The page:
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Other titles in the Essential Papers in Psychoanalysis series:
Essential Papers on Short-Term Dynamic Therapy (Essential Papers in Psychoanalysis)by Melvin Kalfus
Synopses & Reviews
In recent years, short-term therapies have increasingly gained a following among therapists looking for innovative treatments for patients. At a time in which traditional, open-ended psychotherapy is attacked as costly and inefficient, short-term therapy has naturally found new followers. This collection of essays form an essential reference book for therapists who practice short-term therapy and those considering this form of treatment. The aim of this volume is to provide a way for therapists to consider short-term therapy, evaluate it for individual patients, and plan appropriate courses of treatment.
The book is divided into four sections that highlight the characteristic elements of short-term dynamic therapy: brevity, focus, therapist activity, and patient selection. The book features papers by Franz Alexander; S. H. Budman and A. S. Gurman; James Mann; Mardi J. Horowitz; Gerald L. Klerman, Myrna M. Weissman, Bruce Rounsaville, and Eve S. Chevron; Eric Berne, Claude M. Steiner, and John M. Dusay; Thomas E. Schacht, Jeffrey L. Binder, and Hans H. Strupp; George A. Kelly; Aaron T. Beck and Ruth L. Greenberg; Allen Frances and Samuel Perry; Hans H. Strupp; Leston L. Havens; H. Davanloo; Robert Langs; D. M. Malan; P. E. Sifneos; Miguel A. Leibovich; Allen Frances and John F. Clarkin; David H. Malan, E. Sheldon Heath, Howard A. Bacal, and Frederick H. G. Balfour; Sigmund Freud; and D. W. Winnicott.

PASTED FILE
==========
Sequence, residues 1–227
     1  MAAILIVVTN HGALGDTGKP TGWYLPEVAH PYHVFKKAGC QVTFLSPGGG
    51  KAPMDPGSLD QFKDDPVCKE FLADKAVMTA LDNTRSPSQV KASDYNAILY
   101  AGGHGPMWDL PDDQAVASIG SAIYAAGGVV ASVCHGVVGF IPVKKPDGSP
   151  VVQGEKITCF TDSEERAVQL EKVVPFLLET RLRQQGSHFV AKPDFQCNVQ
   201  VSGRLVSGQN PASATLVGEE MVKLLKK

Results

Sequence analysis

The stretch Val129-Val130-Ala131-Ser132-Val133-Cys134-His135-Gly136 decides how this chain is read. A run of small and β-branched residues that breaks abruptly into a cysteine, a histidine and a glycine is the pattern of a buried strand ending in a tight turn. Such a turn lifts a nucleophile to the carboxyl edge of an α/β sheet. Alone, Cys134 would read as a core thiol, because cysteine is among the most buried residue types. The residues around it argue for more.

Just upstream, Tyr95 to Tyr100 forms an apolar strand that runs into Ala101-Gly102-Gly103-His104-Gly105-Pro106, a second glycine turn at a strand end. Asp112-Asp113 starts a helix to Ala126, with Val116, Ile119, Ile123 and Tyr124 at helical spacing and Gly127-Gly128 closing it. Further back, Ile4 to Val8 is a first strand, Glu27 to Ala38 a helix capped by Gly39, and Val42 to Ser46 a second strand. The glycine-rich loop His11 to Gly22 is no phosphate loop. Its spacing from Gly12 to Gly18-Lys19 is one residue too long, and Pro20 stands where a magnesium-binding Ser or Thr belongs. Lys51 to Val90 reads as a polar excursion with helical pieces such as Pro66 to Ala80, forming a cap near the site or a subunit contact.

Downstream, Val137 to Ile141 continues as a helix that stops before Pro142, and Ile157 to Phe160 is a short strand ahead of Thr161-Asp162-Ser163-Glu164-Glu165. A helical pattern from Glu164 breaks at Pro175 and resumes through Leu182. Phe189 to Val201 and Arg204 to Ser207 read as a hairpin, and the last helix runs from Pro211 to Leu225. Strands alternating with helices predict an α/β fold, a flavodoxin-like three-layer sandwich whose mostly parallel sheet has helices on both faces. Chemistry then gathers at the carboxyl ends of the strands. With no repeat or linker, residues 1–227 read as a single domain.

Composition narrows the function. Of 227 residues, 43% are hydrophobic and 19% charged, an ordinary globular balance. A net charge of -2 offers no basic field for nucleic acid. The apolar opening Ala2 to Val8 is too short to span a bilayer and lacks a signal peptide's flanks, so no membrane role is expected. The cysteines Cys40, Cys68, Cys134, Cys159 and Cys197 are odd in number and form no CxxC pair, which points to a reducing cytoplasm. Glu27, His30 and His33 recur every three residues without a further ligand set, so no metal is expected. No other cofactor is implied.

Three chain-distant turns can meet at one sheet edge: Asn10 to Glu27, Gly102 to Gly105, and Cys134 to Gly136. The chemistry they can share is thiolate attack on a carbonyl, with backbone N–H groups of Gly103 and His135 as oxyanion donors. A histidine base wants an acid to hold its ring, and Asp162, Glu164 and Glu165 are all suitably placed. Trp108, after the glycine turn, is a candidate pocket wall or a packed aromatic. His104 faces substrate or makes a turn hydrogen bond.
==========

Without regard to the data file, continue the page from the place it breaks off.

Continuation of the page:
Frederick Law Olmsted is famous for his urban landscape designs: Central Park in Manhattan, Prospect Park in Brooklyn, and Franklin Park in Boston. Olmsted devoted much of his later life to this work. What was the source of this creative energy and imagination in his fascinating years?
Melvin Kalfus is the first author to examine Olmsted's troubled, sometimes tragic childhood and adolescence in a search for the inner sources of his creative imagination. Kalfus argues that Olmsted's distressing early experiences fired his ambition and led him so obsessively to seek the world's esteem through his works. Kalfus also looks at Olmsted's varied early career during which he worked as an apprentice merchant, a seaman, a farmer, a manager of a mining plantation in California, a journalist, and author of three istorically important books on slavery, and as the General Secretary of the Civil War's Sanitary Commission, and enormous project organized to provide medical aid to Union soldiers.
About the Author
James E. Groves is Associate Clinical Professor of Psychiatry at the Harvard Medical School and Medical Director, Short-Term Therapies Unit, Massachusetts General Hospital, and is a teacher and practitioner of dynamic psychotherapies, both long- and short-term.
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